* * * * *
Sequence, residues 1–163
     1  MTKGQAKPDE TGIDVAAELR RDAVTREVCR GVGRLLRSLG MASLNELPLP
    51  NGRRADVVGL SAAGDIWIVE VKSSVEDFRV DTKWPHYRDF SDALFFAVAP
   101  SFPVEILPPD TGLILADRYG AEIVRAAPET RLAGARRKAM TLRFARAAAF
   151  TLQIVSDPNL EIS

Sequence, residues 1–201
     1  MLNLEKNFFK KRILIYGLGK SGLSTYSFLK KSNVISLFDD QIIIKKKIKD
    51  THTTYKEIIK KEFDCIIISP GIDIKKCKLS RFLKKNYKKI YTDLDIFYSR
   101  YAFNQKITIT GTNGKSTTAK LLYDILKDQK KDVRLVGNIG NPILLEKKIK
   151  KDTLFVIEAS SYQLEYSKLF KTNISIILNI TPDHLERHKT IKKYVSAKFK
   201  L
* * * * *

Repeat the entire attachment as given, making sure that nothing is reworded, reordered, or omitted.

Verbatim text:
Sequence, residues 1–163
     1  MTKGQAKPDE TGIDVAAELR RDAVTREVCR GVGRLLRSLG MASLNELPLP
    51  NGRRADVVGL SAAGDIWIVE VKSSVEDFRV DTKWPHYRDF SDALFFAVAP
   101  SFPVEILPPD TGLILADRYG AEIVRAAPET RLAGARRKAM TLRFARAAAF
   151  TLQIVSDPNL EIS

Sequence, residues 1–201
     1  MLNLEKNFFK KRILIYGLGK SGLSTYSFLK KSNVISLFDD QIIIKKKIKD
    51  THTTYKEIIK KEFDCIIISP GIDIKKCKLS RFLKKNYKKI YTDLDIFYSR
   101  YAFNQKITIT GTNGKSTTAK LLYDILKDQK KDVRLVGNIG NPILLEKKIK
   151  KDTLFVIEAS SYQLEYSKLF KTNISIILNI TPDHLERHKT IKKYVSAKFK
   201  L